Rita Sklar, executive director of the ACLU in Arkansas, has joined others in asking Attorney General Loretta Lynch for Justice Department review of the Little Rock Police Department’s use of force.
Since the ACLU’s arrival in Arkansas in 1969, Sklar’s letter said, it has observed “such a pattern and practice of shootings of unarmed civilians by the police [in Arkansas, not just Little Rock] with little or no consequences: an elderly man whose home was entered illegally, a mentally man (the son of one of the Little Rock Nine) killed by officers who weren’t properly trained to recognize and deal with mental illness, and a twelve-year-old boy with a toy gun are just a few recent examples.” The last case occurred in West Memphis.
Sklar said the victims are disproportionately black males. She said the LRPD is not the only concern in Arkansas, but it is the largest department with the largest number of incidences. She wrote Lynch:
The internal affairs complaint system does not work and it is almost unheard of for a jury to find a police guilty of wrongdoing in this regard. Furthermore, there is no citizen oversight of the police in Arkansas. Police entities have fought tooth and nail for years against efforts to establish a citizen complaint review board in our state, to require the police to collect racial and other data on police stops, and generally allow people to analyze, oversee and judge the performance of police officers. Because we do not have an independent state agency to accept and review citizen complaints concerning law enforcement, a review of training practices, use of force, including deadly force, arrests, searches, seizures and discrimination is particularly important.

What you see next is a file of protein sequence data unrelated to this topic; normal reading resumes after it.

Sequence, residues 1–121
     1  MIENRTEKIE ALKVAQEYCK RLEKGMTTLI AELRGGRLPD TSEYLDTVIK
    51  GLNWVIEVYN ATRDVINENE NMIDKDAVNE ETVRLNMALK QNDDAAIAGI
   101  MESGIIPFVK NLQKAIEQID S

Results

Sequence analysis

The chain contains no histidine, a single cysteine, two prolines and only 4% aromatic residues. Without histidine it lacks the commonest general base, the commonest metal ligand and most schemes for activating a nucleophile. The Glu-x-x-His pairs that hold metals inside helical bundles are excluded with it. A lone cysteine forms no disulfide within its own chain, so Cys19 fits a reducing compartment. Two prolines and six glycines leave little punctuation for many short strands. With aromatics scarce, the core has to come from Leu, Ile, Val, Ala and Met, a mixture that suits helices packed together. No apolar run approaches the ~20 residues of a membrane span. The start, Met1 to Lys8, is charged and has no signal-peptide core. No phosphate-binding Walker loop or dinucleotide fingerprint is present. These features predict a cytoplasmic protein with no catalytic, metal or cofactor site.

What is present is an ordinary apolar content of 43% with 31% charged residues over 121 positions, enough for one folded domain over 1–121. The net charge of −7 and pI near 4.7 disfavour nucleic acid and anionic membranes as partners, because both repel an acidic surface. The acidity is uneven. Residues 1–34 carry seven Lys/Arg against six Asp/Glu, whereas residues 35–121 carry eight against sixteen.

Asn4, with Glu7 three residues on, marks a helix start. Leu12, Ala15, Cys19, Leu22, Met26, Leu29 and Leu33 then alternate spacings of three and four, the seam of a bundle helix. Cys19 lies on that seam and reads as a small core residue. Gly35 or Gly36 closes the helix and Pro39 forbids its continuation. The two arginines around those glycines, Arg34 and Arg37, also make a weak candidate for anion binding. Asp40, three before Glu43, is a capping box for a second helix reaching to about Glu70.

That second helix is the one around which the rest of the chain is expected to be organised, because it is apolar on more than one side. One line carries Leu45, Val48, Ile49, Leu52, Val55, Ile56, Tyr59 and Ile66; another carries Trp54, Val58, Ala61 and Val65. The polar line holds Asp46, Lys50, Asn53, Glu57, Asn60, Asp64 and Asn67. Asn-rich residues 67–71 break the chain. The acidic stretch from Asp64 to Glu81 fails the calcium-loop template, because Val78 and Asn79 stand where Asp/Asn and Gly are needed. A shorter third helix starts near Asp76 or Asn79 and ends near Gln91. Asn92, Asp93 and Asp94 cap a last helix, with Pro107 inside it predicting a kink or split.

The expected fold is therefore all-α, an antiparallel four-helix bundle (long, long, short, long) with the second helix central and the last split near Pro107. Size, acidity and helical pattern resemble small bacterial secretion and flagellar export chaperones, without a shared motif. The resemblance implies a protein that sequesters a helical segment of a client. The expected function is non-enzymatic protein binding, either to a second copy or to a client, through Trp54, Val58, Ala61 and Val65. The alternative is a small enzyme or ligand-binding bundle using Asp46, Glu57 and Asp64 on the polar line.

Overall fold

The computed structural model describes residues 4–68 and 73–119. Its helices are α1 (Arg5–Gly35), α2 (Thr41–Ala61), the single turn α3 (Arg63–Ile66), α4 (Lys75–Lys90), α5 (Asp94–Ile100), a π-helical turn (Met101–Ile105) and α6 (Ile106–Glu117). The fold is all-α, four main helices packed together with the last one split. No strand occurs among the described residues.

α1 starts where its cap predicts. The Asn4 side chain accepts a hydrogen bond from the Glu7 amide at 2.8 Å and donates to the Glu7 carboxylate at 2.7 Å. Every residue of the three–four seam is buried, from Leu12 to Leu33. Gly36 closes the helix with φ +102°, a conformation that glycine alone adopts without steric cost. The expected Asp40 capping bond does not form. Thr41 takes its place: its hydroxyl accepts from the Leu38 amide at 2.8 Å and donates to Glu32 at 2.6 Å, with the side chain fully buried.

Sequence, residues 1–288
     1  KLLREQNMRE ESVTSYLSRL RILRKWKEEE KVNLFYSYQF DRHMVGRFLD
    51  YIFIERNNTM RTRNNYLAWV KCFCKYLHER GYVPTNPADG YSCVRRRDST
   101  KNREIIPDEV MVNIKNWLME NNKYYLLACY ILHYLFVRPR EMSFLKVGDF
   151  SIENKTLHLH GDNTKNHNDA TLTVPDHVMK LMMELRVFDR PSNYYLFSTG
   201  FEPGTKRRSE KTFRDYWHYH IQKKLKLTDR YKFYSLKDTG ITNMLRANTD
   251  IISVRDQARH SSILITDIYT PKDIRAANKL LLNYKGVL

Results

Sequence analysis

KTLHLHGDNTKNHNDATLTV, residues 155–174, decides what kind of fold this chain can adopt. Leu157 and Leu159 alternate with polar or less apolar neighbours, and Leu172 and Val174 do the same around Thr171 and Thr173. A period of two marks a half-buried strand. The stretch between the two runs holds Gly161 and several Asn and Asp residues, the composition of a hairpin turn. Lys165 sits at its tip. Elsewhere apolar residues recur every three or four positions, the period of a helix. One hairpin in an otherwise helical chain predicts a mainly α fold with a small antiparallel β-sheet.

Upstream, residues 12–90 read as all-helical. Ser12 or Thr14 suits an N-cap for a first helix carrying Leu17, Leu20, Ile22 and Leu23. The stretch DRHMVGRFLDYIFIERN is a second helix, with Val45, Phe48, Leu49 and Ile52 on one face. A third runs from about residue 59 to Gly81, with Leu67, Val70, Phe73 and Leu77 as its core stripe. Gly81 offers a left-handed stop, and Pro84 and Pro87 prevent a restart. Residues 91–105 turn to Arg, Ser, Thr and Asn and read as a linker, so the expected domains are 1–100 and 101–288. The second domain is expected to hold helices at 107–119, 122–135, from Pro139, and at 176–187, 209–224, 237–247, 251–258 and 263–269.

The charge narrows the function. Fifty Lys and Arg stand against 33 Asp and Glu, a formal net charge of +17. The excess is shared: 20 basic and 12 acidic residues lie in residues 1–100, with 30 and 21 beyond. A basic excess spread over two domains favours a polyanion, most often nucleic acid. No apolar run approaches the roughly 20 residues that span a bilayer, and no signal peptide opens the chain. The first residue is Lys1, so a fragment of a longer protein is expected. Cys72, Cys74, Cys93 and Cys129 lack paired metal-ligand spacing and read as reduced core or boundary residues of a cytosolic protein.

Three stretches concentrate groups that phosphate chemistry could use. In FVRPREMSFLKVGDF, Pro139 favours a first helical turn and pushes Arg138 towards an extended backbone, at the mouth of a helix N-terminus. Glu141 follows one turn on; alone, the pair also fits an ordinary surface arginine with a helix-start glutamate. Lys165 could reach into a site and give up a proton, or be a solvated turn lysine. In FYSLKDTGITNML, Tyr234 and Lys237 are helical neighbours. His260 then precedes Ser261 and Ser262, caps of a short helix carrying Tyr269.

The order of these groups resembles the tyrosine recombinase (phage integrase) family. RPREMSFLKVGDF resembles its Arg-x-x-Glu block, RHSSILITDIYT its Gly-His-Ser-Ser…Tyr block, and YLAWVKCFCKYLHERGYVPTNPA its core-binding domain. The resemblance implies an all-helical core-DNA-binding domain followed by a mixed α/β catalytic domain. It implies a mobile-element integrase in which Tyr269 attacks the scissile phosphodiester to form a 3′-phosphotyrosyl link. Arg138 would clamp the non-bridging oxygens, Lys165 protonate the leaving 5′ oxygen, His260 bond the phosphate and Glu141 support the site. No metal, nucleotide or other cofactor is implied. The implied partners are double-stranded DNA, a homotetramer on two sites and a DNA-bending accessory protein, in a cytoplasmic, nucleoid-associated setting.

The ACLU of Arkansas therefore unreservedly joins with the others in requesting a pattern and practice investigation of the LRPD.
Such an investigation was requested previously by the NAACP, the American Bar Association and the family and lawyers in pending lawsuits over the shooting death of Eugene Ellison in his apartment by Little Rock police officers working on a private security detail.
Police Chief Kenton Buckner, in a town hall meeting in November, said the department itself wouldn’t request a Justice Department review. He said someone else would have to ask. Buckner, who is black, vowed to hold officers accountable. From a KUAR account of that meeting:
Buckner acknowledged the department has inflicted scars in the community. He promised to hold officers accountable going forward.
Buckner said he while he sees the African American community fired up about police shootings that have received media attention in other states, the real problem to focus on, is murder within the African American community. He said he has a list of 38 recent gun violence victims whose deaths were not protested.
“You’re getting ready to jump on these buses… run to all these other cities where these popular, sexy things are going on. Because we want to look like we’re a part of a movement. Move your backyard,” he said.